COMP NEWS – Base salary for physician assistants (PAs) increased by 4.5% in 2021 after declining the previous year.
Base compensation for PAs has rebounded from a slight dip in 2020, increasing 4.5% from a median of $110,000 in 2020 to $115,000 in 2021, according to survey responses from 11,739 PAs. The findings were reported in the 2022 American Academy of PAs (AAPA) Digital Salary Report.
The survey was conducted in an attempt to understand the landscape of the physician assistant profession in regards to employee satisfaction and outlook. Even following a period of increased stress during the pandemic, the survey indicated that many PAs are optimistic about their profession.
It is encouraging that the median compensation for PAs rebounded from the dip it took during the height of the pandemic,” said AAPA President and Chair of the Board Jennifer M. Orozco, MMS, PA-C, DFAAPA. “The survey further demonstrates the resiliency and passion that PAs across the country have. Despite an incredibly difficult and stressful 2 years during the pandemic, 79% of PAs feel optimistic about the current state of the profession.”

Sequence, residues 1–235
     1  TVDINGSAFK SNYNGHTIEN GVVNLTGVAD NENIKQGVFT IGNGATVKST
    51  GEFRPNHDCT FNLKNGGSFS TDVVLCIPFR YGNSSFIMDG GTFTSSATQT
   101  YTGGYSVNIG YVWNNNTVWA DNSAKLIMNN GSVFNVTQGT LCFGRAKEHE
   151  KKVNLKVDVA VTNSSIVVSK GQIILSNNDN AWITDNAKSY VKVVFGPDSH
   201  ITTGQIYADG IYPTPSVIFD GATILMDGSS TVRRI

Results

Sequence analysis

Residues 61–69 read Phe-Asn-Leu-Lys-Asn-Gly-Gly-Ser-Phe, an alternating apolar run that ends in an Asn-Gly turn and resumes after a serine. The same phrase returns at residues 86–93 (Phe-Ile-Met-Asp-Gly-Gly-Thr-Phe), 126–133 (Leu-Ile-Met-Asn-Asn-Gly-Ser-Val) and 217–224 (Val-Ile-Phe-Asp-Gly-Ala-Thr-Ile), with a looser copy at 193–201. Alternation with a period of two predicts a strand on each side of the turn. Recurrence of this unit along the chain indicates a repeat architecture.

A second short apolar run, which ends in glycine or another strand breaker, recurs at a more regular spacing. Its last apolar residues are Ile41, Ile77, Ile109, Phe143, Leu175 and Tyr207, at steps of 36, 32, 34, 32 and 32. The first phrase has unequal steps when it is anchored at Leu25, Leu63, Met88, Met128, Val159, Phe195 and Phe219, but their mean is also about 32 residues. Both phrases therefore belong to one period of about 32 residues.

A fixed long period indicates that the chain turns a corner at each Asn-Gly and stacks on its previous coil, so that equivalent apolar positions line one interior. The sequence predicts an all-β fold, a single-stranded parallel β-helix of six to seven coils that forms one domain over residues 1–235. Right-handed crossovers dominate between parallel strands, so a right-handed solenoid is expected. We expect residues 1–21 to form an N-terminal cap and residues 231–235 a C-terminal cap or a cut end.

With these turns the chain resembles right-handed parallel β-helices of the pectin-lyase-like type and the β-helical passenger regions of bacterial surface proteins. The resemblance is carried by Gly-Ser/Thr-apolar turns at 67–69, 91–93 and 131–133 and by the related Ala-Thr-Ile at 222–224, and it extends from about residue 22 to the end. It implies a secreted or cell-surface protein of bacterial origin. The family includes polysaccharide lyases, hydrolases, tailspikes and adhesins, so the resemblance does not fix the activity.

Even still, the survey indicated that there were also high rates of burnout amongst practitioners, which some suspect could be due to longer hours that were required while hospitals were under strain.
“However, while PA morale remains high, many PAs are also experiencing the strain and exhaustion of 2 very long years,” Orozco added. “Like all health care providers, PAs are still working long hours and helping to get patients caught up on the care they may have put off, or lacked access to, during the pandemic. The effects of the past 2 years will linger long after the pandemic is over. We’ve already seen the toll the pandemic has taken on the mental health of PAs, with 46% of PAs reporting symptoms of burnout. Mental health will be a big focus during the upcoming AAPA 2022 Conference in Indianapolis. It is imperative that PAs continue to be recognized and supported for the work they do on behalf of their patients every day.
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